Ah, technology is great until it isn’t.
That beautiful solar power energy that liberals tout as perfect will show flaws come August.
According to The Daily Wire:
…[O]n August 21, a solar eclipse will throw a shadow over a 70-mile-wide path crossing from Oregon to South Carolina, that may cause a loss of 9,000 megawatts of solar power, the rough equivalent of nine nuclear reactors.
On Thursday, PJM Interconnection LLC, which supervises the nation’s largest power grid covering parts of the eastern U.S., estimated as much as 2,500 megawatts of solar generation could be lost August 21 between 1:30 p.m. to 3:40 p.m. North Carolina and New Jersey may be especially hard hit.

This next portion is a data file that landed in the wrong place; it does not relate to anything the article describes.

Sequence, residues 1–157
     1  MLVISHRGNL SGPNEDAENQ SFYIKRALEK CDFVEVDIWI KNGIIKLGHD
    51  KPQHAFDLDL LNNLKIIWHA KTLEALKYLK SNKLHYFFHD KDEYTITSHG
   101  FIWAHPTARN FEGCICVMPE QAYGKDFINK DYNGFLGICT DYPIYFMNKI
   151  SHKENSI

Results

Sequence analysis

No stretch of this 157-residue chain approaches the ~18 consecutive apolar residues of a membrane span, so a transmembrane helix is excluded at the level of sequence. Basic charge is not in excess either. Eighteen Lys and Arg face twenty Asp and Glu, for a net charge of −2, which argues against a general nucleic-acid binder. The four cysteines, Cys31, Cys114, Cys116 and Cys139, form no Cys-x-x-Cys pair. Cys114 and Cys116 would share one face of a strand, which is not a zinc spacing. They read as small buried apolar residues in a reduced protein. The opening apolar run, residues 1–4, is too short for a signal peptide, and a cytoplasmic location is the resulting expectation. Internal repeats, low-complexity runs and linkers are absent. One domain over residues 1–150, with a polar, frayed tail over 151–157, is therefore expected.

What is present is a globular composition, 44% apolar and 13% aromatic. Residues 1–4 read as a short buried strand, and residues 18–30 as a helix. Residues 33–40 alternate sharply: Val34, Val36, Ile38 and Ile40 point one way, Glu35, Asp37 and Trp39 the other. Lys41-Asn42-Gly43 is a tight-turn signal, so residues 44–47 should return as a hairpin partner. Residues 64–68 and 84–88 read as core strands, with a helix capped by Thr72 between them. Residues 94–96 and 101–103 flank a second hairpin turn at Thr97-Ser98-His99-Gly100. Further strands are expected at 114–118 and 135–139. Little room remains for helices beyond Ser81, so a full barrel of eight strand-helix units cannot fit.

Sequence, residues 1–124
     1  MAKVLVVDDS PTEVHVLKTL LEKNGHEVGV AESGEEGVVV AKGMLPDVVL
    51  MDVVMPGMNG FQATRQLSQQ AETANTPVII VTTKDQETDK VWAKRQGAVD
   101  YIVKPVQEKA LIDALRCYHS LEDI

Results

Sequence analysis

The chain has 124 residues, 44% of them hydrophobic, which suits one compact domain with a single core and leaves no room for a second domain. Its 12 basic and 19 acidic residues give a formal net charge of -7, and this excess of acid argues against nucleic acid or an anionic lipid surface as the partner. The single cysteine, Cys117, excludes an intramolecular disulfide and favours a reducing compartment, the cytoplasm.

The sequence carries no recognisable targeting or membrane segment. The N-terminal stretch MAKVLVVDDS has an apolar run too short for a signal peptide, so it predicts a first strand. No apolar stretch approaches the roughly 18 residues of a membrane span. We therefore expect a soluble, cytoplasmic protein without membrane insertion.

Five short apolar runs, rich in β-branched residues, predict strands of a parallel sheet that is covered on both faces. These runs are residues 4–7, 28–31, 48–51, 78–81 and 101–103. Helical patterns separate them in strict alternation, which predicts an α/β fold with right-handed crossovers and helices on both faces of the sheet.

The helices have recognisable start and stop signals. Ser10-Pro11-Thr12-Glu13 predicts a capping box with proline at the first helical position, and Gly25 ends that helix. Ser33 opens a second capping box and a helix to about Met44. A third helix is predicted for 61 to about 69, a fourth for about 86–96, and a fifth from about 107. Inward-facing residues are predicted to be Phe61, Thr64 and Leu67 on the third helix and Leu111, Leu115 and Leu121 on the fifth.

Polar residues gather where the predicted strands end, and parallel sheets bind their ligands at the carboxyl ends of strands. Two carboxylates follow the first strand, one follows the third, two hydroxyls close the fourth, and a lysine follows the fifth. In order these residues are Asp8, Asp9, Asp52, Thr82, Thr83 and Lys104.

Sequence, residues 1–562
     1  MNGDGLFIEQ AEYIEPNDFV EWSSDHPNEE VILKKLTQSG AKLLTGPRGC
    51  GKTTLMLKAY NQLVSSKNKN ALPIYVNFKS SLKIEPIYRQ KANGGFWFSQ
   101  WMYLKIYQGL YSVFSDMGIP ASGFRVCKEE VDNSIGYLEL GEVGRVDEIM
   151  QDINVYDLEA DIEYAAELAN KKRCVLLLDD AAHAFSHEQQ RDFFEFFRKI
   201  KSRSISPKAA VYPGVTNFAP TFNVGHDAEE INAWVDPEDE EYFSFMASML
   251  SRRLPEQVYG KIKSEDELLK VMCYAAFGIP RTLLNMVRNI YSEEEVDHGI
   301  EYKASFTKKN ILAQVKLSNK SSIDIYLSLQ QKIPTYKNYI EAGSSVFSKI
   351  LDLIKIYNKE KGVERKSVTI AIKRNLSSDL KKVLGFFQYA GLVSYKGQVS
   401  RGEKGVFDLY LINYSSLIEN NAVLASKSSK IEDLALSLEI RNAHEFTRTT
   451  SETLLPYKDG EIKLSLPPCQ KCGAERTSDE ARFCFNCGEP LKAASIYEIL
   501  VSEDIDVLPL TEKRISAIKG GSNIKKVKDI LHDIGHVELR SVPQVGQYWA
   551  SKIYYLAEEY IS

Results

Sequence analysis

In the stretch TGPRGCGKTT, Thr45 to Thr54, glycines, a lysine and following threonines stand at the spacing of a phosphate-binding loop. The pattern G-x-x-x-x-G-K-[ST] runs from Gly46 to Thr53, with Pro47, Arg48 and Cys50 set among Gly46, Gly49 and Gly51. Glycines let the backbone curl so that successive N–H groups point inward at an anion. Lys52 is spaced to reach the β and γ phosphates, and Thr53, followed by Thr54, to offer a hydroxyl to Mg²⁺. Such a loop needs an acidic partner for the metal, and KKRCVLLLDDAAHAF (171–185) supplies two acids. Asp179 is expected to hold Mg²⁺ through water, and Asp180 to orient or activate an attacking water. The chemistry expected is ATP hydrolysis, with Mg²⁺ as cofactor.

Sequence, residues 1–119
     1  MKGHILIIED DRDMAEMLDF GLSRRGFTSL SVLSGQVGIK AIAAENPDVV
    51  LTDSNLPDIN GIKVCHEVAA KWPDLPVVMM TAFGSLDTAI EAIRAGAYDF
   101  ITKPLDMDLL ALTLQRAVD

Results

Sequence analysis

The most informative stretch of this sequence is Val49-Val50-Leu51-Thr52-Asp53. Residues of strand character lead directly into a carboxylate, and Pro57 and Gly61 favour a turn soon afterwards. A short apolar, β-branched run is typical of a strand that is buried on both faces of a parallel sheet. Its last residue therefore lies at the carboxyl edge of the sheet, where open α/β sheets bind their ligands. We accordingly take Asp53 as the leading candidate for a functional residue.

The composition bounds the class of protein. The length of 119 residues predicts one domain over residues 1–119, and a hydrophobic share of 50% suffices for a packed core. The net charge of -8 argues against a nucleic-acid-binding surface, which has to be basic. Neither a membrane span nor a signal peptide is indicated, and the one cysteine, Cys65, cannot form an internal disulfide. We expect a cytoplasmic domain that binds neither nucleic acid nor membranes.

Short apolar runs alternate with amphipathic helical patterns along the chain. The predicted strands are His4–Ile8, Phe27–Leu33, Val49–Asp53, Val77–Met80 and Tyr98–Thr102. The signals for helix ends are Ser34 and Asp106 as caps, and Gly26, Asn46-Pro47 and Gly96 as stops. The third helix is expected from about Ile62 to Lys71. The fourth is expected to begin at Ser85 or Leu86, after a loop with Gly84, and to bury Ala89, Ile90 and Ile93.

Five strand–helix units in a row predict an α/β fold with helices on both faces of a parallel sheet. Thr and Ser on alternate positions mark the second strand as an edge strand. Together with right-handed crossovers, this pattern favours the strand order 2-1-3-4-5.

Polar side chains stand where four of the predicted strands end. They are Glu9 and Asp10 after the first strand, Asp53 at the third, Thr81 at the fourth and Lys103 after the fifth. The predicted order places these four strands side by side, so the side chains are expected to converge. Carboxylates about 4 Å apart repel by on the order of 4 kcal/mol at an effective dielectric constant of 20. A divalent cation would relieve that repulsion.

According to NASA, the last time the contiguous U.S. saw a total eclipse was in 1979. Tom DiCapua, managing director at Con Edison Energy in Valhalla, New York, warned, “If it is sunny and all of the sudden the eclipse comes through, there may be a pricing spike in real-time” power trading.
This will be the first time in 99 years that the United States will experience a coast-to-coast eclipse.
If you want to experience the eclipse, you will want to be within the ‘line of totality’ which is 100 miles wide.
Some of the best places to witness the eclipse are Columbia, South Carolina; Madras, Oregon; Nashville, Tennessee; the Great Smoky Mountains; St. Joseph, Missouri; and Casper, Wyoming — to name a few.
Thankfully, for the Earth-loving, solar-power buffs, total solar eclipses are incredibly rare and “recur at any given place only once every 360 to 410 years on average.”